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Two similar sentences have different behaviour. Is it ok?


a = 123 unless defined? a
a # => nil


unless defined? b
  b = 123
b # => 123
share|improve this question
It's counter-intuitive ; I'd suspect something related to how the first is parsed. – Dave Newton Feb 15 '13 at 12:36
@DaveNewton: I have to agree, it is counter-intuitive. – Sergio Tulentsev Feb 15 '13 at 12:41
up vote 2 down vote accepted

Yes, this is the correct behaviour. Local variables are created and initialized with nil before assignment. So this code

a = 123 unless defined? a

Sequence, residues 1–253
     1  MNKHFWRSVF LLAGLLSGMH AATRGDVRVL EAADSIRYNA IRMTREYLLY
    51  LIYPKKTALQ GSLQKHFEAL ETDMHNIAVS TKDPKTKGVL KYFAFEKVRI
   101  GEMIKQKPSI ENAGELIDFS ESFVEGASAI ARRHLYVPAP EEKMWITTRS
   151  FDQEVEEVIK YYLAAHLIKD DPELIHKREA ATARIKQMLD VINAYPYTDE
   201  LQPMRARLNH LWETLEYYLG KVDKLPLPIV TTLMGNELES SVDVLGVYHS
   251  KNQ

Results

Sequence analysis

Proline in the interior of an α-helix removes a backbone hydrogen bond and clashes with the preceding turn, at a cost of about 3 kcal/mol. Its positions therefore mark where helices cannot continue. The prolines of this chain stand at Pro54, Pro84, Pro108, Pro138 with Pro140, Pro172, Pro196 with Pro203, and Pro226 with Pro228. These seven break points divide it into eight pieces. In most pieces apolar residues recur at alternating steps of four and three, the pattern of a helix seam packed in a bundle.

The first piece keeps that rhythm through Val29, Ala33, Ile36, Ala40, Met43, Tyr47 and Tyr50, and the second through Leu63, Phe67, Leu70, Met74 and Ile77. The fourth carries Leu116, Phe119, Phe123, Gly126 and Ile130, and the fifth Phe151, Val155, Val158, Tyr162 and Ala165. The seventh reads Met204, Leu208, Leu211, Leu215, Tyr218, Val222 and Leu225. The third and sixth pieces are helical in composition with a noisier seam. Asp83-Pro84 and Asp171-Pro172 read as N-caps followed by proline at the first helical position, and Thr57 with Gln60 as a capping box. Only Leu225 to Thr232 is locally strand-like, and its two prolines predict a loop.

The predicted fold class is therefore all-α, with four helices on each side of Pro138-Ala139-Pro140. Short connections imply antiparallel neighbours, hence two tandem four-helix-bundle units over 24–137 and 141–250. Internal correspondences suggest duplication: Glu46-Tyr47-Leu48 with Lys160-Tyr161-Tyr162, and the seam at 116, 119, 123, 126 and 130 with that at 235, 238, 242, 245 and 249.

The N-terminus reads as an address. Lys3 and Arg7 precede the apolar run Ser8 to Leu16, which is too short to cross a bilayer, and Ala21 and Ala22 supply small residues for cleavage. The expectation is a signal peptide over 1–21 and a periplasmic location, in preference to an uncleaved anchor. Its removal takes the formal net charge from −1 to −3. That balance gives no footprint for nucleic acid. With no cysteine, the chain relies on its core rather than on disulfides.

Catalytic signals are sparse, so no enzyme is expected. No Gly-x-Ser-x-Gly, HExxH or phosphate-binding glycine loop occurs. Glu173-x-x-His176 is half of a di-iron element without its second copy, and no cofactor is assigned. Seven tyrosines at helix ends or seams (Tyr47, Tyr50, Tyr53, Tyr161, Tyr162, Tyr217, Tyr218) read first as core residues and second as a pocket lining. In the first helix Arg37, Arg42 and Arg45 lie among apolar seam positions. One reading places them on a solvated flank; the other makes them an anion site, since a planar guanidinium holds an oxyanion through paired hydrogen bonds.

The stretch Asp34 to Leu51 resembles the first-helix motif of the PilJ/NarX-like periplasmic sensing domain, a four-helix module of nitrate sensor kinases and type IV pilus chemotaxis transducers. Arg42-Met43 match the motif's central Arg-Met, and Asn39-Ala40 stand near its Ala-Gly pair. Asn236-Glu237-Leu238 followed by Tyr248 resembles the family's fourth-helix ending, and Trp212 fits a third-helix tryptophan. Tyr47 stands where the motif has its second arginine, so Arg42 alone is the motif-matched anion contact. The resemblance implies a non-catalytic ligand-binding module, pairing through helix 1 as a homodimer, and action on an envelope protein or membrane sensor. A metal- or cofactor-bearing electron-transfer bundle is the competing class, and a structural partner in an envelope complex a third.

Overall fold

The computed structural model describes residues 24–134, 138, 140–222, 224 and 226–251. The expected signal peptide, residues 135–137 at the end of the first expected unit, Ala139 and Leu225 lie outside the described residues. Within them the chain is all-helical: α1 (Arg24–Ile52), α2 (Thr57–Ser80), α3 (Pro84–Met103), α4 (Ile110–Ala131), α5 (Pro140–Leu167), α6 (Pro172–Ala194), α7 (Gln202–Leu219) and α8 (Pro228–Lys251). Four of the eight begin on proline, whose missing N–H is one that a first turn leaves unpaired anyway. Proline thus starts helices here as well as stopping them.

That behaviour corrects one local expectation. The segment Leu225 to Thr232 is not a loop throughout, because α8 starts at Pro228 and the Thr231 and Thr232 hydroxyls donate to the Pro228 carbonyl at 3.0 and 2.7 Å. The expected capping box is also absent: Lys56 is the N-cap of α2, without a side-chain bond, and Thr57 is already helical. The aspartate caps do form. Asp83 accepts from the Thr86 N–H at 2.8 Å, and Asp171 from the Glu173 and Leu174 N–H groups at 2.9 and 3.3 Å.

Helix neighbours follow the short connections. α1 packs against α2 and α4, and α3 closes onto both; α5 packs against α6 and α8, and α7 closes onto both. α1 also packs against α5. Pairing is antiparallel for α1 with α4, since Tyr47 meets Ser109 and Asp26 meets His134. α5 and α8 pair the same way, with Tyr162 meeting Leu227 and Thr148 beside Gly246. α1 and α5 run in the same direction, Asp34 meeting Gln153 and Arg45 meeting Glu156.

a # => nil

is a rough equivalent of

a = nil
a = 123 unless defined? a # `a` is not undefined anymore.
a # => nil

Another example (even though c is not defined before this line, this code does not throw a NameError).

c = 2 unless c # => 2
share|improve this answer
Thanks, that's true. But I think that conditions evaluated first... Where is the exact place a being initilized? Right after Ruby found any = after a? – 907th Feb 15 '13 at 12:44
@laise: I think it happens at parse / code generation phase. – Sergio Tulentsev Feb 15 '13 at 12:57
Seems like initialization being done right after parsing and before actual code evaluation... – 907th Feb 15 '13 at 12:58

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